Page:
He accordingly submitted that the order of the ld.CIT(A) being not in accordance with law should be set aside and the grounds raised by the assessee should be allowed. The ld.DR on the other hand heavily relied on the order of the ld.CIT(A). Referring to the decision of the Co-ordinate bench of the Tribunal in the case of Signode India Ltd. vs. DCIT vide ITA No.954/Hyd/2019 order dated 24.02.2021, he submitted that identical issue has been decided by the Tribunal, where depreciation on goodwill was disallowed and the appeal filed by the assessee has been dismissed. He accordingly submitted that the grounds raised by the assessee should be dismissed.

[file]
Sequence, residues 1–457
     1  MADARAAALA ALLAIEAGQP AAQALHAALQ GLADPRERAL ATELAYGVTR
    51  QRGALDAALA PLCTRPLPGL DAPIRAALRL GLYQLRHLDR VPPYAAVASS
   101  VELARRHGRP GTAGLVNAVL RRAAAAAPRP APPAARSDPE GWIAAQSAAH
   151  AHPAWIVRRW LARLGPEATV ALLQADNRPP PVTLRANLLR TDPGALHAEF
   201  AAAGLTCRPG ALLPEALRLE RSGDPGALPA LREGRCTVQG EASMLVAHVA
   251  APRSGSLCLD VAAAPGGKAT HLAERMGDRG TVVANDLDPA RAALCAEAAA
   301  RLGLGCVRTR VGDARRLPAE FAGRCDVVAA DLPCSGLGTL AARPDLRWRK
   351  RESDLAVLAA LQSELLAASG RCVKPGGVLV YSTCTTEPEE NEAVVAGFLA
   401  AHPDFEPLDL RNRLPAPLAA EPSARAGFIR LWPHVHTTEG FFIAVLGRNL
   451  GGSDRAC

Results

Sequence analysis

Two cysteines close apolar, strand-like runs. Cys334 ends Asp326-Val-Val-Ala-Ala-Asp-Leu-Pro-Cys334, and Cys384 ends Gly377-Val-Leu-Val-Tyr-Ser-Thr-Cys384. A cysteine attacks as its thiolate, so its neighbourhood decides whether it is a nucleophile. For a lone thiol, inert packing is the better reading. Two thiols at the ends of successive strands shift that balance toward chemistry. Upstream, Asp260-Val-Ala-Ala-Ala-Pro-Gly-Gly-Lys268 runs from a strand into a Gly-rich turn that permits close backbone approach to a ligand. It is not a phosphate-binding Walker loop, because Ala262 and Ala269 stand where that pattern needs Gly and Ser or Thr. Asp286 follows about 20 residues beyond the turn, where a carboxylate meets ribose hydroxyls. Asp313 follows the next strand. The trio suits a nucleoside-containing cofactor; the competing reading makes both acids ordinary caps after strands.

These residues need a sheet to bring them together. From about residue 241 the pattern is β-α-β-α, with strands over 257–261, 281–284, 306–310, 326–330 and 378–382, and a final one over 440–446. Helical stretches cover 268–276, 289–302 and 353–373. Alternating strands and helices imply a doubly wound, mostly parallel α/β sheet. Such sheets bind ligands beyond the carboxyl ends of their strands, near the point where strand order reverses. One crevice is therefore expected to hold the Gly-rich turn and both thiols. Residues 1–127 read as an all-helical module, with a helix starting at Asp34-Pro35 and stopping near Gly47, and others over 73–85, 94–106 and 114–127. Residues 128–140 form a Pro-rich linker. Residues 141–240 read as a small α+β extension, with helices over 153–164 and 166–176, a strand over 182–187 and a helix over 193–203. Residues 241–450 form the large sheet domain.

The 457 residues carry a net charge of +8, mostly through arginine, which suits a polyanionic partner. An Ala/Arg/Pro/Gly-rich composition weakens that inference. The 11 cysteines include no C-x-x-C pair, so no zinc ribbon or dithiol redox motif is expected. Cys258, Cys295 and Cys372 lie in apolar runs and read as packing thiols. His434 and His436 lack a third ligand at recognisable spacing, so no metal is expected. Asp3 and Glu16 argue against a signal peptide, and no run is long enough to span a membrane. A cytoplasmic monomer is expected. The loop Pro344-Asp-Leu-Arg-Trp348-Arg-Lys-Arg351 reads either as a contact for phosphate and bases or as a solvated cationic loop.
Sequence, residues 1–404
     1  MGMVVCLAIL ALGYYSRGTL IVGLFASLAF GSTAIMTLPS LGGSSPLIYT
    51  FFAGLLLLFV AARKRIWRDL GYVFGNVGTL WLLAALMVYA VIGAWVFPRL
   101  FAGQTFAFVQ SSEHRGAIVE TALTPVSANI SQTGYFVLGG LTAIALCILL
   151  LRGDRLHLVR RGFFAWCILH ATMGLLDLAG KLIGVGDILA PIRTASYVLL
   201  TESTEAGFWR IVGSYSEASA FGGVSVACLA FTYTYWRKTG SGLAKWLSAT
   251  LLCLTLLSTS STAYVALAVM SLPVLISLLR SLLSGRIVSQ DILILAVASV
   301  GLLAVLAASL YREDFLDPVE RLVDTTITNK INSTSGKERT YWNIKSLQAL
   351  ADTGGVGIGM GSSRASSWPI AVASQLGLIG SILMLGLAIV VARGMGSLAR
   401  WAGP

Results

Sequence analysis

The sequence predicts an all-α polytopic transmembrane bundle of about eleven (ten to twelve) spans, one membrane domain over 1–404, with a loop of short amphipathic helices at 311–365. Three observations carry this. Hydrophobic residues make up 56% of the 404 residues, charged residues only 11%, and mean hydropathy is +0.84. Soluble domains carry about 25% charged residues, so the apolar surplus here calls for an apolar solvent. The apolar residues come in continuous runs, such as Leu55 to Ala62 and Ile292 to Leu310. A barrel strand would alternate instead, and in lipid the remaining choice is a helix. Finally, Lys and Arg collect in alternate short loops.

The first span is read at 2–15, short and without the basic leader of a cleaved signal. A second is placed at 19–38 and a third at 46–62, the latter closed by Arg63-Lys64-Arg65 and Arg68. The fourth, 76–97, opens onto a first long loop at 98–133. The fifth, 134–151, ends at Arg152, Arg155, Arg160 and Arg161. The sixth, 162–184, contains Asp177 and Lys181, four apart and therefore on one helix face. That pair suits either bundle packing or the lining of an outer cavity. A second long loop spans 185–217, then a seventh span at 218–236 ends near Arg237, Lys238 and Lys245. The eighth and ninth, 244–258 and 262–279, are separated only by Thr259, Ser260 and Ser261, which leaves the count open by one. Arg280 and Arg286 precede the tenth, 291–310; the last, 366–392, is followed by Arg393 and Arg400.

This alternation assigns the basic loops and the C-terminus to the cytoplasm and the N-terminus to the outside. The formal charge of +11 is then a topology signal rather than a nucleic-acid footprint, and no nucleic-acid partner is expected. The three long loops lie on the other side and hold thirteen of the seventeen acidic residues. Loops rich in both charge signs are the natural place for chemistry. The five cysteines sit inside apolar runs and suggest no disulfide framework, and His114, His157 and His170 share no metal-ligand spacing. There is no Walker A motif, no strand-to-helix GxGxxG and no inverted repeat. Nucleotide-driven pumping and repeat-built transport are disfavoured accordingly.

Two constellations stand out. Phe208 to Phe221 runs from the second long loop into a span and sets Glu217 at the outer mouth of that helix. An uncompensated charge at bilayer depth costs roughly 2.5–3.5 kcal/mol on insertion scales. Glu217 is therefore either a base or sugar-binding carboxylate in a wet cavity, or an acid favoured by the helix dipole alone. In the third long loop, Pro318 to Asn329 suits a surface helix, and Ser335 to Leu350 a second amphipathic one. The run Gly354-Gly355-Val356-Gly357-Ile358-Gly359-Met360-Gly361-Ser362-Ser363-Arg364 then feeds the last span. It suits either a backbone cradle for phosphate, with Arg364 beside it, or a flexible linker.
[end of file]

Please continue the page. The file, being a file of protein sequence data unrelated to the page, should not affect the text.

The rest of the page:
The court had considered the rival arguments made by both the sides, perused the orders of the AO and ld.CIT(A) and the paper book filed on behalf of the assessee. We have also considered the various decisions cited before us. We find the assessee in the instant case has acquired Hyderabad business of Beams Hospitals Private Limited as a going concern and on a slump sale basis by paying a consideration of Rs. 7.94 crores as per the slump sale agreement between AVIS Hospitals India Limited and Beams Hospitals Private Limited dated 30.03.2015 copy of which is placed in the paper book at page at 78 to 99. We find the assessee in the return of income filed has taken the value of fixed assets at Rs. 3,31,23,000/- as per the depreciation schedule and the difference amount of Rs. 3,96,87,209/- after deducting the value of security deposits etc. was treated as goodwill on which depreciation @ 25% has been claimed. We find the AO rejected the claim of depreciation on goodwill by relying the provision of section 32 r.w.s. 43(1) and 43(6). We find the ld.CIT(A) upheld the action of the AO, the reasons of which have already been reproduced in the preceding paragraphs. It is the submission of the ld.counsel for the assessee that when a purchaser acquires a business on a going concern basis by paying more than the fair market value of the net tangible asset, the difference in the purchase consideration and the net value of the assets and liabilities is attributable to the commercial benefit which is nothing but goodwill on which depreciation has to be allowed. It is also his argument that the intangible assets, i.e business claims, business information, business records, contracts, employees and know-how, are all assets in absence of which the transferee would have had to commence business from scratch and go through the gestation period. Therefore by acquiring the aforesaid business rights along with the tangible assets, the assessee got an up and running business and the specified intangible assets acquired under slump sale agreement are in the nature of “any other business or commercial rights of a similar nature” on which depreciation is allowable.